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Do you know Cobol? If so, there might be a job for you

Do you know Cobol? If so, there might be a job for you
Business
Ten years before man walked on the moon, a group of software engineers created the Common Business-Oriented Language—better know as Cobol—to standardize business computer programming.

Not long after, in the early 1960s, Bill Hinshaw began plying his trade as one of the thousands of Cobol programmers working in banks across the world. Now, more than 50 years later, the 76-year-old coder is still working in Cobol, much to his amazement.

Finance companies in the U.S. are expected to spend $261 billion (U.S.) on technology this year, with 67 per cent of that spent on maintaining older systems, according to research company Celent.  (David Paul Morris / Bloomberg News)

“I was coming to the end of my career and I thought that Cobol might be going away,” says Mr. Hinshaw. “But it has actually grown.”

Indeed, despite its advanced age, Cobol is still the most prevalent programming language in the financial-services industry world-wide. Software programmed in Cobol powers millions of banking transactions every day and underpins critical computer mainframes.

And Cobol isn’t going away any time soon. Banks and other companies have come to the uncomfortable realization that ripping out old mainframes is pricey and complicated. Transitioning to new systems is likely to take years, and besides, a lot of the older tech works just fine.

The problem is that Cobol isn’t popular with new programmers. So, with a generation of Cobol specialists retiring, there is a continuing hunt to find a new generation of programmers to service this technology.

In Texas, Mr. Hinshaw’s company, the Cobol Cowboys, a group of mostly older programmers, is training U.S. military veterans in the programming language. Accenture PLC is coaching hundreds of Cobol programmers every year in India and the Philippines to work at banks. In Malaysia, one consultancy that provides engineers versed in Cobol for its clients, iTAc MSC Outsourcing, has adopted the slogan “Keeping the Dinosaurs Alive.”

A host of companies offer online courses in Cobol in places like South Africa, India and Bangladesh. Developing economies are key technology-outsourcing centers for banks. Can’t let go Detractors say Cobol isn’t versatile and results in reams of code, because it is partly written in actual English words. It’s also used to configure mainframes, which isn’t exactly a career-enhancing proposition for young coders in an era dominated by cloud computing.

Still, for banks that expect to be tied to their old technology to some extent for the foreseeable future, fluency in Cobol remains key. While a bunch of smaller banks have successfully ripped out their old core processing systems, no major bank has dared to do so, says John Schlesinger, chief enterprise architect at Temenos, a company that sells software to banks. The cost of a major overhaul and the risk of a botched upgrade leaving customers without access to their bank accounts are too great, he says.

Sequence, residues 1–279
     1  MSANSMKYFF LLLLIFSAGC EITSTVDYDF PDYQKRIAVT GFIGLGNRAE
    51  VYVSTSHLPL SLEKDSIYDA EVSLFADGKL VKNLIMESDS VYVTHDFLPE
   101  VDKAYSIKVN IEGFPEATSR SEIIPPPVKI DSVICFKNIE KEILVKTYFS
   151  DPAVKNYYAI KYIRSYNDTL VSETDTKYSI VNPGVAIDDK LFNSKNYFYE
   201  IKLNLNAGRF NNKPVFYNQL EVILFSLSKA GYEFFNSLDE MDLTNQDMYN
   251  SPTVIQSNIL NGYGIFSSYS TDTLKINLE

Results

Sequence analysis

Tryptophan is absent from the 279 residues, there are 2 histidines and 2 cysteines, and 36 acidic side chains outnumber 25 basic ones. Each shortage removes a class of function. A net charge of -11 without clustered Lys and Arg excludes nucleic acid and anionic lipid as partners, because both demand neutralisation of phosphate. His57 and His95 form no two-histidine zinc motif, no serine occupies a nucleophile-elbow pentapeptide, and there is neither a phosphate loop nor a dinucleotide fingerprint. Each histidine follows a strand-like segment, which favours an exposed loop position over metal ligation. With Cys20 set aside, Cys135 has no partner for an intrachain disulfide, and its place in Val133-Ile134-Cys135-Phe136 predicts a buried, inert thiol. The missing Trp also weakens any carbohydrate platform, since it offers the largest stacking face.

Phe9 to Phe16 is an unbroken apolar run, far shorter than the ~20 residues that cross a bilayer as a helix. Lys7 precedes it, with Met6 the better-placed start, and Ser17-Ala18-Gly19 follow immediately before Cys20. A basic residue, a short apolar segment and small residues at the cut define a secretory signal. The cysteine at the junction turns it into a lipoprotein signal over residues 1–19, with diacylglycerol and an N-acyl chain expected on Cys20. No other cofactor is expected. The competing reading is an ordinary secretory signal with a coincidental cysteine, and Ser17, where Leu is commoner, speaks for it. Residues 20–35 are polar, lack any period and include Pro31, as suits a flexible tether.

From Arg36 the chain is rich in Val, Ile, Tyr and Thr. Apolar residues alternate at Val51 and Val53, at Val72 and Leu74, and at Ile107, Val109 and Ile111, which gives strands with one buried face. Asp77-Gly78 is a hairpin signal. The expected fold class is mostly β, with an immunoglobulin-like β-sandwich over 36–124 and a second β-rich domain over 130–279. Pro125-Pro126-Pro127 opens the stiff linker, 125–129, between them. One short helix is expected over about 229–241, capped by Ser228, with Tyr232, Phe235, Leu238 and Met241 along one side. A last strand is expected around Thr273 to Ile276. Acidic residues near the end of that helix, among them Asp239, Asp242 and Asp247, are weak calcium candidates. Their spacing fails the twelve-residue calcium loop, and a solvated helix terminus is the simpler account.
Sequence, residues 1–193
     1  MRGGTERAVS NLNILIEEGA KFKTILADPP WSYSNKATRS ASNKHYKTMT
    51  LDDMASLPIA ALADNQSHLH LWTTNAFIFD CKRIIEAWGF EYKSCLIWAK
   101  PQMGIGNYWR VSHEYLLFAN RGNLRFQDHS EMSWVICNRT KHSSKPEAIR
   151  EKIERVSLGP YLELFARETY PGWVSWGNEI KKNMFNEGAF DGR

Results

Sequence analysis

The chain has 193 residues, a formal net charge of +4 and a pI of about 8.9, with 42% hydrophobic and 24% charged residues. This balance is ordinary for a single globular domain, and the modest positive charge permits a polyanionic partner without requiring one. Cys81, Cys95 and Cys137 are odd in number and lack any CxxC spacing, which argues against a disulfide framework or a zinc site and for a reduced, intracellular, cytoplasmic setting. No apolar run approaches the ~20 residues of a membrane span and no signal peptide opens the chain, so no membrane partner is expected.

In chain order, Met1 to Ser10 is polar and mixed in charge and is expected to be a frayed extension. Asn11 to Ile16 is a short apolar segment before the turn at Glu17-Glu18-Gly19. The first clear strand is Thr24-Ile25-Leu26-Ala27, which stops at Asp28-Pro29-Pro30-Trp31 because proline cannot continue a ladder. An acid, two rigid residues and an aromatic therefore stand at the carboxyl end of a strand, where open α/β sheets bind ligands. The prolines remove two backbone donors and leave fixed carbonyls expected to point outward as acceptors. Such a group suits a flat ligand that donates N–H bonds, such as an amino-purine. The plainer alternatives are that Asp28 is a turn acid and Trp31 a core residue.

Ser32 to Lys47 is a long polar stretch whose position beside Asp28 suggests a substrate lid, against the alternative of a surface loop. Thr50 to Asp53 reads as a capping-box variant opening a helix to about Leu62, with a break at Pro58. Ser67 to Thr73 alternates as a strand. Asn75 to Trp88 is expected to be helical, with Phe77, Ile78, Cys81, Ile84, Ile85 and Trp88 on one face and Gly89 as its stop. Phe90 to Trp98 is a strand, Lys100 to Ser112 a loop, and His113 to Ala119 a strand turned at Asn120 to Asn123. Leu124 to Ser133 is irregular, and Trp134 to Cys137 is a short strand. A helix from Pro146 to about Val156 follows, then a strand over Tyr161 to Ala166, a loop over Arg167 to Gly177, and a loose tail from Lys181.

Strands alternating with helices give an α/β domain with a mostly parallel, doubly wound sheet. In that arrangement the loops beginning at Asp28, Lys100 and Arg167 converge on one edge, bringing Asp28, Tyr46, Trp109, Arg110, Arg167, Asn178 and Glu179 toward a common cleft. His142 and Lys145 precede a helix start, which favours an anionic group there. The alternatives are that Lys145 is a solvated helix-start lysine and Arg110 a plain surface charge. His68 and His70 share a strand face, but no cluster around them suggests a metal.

That’s not to say old technology isn’t costly for banks. Finance companies are expected to spend $261 billion on technology this year, with 67% of that spent on maintaining older systems, according to research company Celent. And it’s expensive and complex to bolt onto these systems the kind of new, snazzy services that a wave of emerging financial-technology companies are pitching to consumers.

Several companies are making hay while the sun still shines on Cobol. Micro Focus International PLC is offering courses to some 400 colleges to train Cobol programmers. The company, one of whose specialties s is upgrading old computer systems, polled its customers last year and found that 90% plan to use Cobol systems for the next decade.

“We don’t see that demand going any time soon,” says Derek Britton, who runs a unit at Micro Focus that modernizes old systems. Nod to Hollywood Mr. Hinshaw’s Cobol Cowboys—the name is a nod to the Clint Eastwood movie “Space Cowboys,” about a crew of aging test pilots—has a team of some 200 freelance coders. The average age is around 60. “They can work when they want to,” says Mr. Hinshaw. “They can spend time with their grandchildren.”

When it comes to coding, age is in the eye of the beholder, says Mr. Hinshaw. Several other coding languages have comfortably slipped into useful middle age. For instance, the coding language “C”—one of the most popular of all time—is still widely used more than 45 years after it came on the scene.
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